This strikes me as such a bizarre thing to say. Ehrman’s volume, as the subtitle indicates, is a history of the afterlife. As he notes in the preface, his focus in Heaven and Hell is upon “where these ideas came from within the dominant culture of the West, Christianity, especially as it emerged out of the pagan religious of its world and out of Judaism in particular” (p. xx). The book was never intended to trace every formulation of heaven and hell that has been proposed in Christianity’s two-thousand-year history. So, why would he cite any specifically evangelical work on the subject? Moreover, Ehrman’s book directly touches upon what the Bible says about heaven and hell. But because the Bible doesn’t speak univocally on the subject, neither does Ehrman when analyzing biblical texts. Alcorn, believing that the Bible speaks univocally, dismisses Ehrman’s views because of his a priori commitment to inerrancy and infallibility. Finally, if you’re going to trace the history of Greco-Roman views of the afterlife then you’re going to want to discuss the texts written by Greco-Roman authors. That’s just how history is done: you consult the primary sources. And where applicable, Ehrman cites the relevant scholarship on these various texts. That’s how scholarship is done.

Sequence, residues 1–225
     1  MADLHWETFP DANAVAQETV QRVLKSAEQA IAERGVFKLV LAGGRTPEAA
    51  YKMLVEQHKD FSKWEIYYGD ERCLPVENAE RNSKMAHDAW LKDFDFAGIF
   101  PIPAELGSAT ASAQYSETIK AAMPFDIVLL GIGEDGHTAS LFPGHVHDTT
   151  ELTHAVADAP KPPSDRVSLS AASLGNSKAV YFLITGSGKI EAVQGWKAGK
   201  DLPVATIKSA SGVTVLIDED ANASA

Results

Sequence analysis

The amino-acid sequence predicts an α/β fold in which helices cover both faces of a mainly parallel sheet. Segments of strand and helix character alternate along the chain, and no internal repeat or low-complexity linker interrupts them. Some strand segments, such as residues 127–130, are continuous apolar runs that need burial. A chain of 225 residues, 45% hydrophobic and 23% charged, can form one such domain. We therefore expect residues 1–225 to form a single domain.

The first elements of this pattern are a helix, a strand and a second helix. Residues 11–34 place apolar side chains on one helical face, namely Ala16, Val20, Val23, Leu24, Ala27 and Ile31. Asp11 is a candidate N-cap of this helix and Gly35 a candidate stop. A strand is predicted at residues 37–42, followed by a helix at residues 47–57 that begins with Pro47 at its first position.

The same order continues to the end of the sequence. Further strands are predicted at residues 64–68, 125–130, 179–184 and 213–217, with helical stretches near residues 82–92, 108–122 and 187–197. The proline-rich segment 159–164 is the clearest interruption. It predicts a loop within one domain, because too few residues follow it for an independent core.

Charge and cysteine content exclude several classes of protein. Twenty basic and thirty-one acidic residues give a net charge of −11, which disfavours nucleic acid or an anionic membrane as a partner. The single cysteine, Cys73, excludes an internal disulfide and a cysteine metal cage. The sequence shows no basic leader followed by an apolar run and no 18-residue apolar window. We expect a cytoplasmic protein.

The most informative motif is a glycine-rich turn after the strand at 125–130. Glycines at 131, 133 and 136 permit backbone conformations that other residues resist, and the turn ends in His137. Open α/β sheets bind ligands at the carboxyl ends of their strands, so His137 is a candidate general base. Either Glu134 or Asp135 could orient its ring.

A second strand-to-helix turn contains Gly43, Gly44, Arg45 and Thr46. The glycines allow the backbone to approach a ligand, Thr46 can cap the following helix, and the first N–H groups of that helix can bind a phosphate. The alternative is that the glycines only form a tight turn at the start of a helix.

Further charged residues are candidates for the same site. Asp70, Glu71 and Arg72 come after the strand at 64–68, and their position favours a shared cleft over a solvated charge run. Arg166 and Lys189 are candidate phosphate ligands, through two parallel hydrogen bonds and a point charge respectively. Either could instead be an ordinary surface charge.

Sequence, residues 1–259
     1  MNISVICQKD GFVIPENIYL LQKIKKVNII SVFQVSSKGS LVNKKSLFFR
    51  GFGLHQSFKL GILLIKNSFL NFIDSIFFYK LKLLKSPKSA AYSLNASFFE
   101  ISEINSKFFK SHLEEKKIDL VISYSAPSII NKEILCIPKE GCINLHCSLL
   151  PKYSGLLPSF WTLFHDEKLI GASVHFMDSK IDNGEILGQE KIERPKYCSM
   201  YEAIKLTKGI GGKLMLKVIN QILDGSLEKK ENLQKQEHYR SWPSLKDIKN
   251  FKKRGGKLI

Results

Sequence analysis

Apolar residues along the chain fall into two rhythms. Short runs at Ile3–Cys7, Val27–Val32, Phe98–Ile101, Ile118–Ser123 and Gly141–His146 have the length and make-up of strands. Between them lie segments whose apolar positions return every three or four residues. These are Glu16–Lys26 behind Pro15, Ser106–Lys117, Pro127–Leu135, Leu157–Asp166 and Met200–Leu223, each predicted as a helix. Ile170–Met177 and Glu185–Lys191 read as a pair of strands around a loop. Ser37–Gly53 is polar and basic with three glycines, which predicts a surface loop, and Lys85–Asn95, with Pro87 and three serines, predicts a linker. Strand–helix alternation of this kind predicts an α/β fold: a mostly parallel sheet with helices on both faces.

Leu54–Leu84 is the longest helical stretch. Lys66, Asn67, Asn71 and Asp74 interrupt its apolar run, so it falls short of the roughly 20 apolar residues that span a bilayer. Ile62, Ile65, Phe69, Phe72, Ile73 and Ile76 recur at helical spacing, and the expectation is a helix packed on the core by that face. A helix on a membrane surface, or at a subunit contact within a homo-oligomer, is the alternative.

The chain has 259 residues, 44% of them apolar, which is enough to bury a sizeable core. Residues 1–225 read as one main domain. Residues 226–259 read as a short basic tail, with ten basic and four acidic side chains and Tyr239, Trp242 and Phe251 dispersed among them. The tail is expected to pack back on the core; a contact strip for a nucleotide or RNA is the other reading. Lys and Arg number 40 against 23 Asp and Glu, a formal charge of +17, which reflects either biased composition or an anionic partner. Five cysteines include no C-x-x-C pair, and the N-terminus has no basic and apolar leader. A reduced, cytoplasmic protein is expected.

A lot more could be said but this post is too long as it is. I thought it gracious of Ehrman to ask Alcorn’s permission to post the review on his own website despite its lackluster examination of the book. But it also reviews how often evangelicals tend to be in their analysis of these kinds of topics as well as their absolute hatred for all things Ehrman.
 Bart D. Ehrman, The Bible: A Historical and Literary Introduction (Oxford: Oxford University Press, 2014), 209.
 John E. Hartley, The Book of Job, NICOT (Grand Rapids, MI: William B. Eerdmans Publishing Co., 1988), 296. Later Hartley states that, though vv. 25-26 do not “explicitly support the doctrine of resurrection,” the idea that gives rise to such a belief in the New Testament is present.
Job is working with the same logic of redemption that stands as the premise of the NT doctrine of the resurrection. Both hold to the dogma that God is just even though he permits unrequited injustices and the suffering of the innocent…. In this way Job’s confidence in God as his Redeemer amidst excruciating suffering stands as a model for all Christians. (p. 297)
In this way, Hartley does his best to honor the context and meaning of the Joban text and connect it to his evangelical faith in Jesus Christ. Though I am not compelled by such a reading and even find problems with it, I do find it commendable when Christians respect the Jewish scriptures as Jewish scriptures.
 Samuel E. Balentine, Job, Smyth & Helwys Bible Commentary (Macon, GA: Smyth & Helwys Publishing Inc., 2006), 299.
 David J.A. Clines, Job 1-20, Word Biblical Commentary (Word Inc., 1989), 464.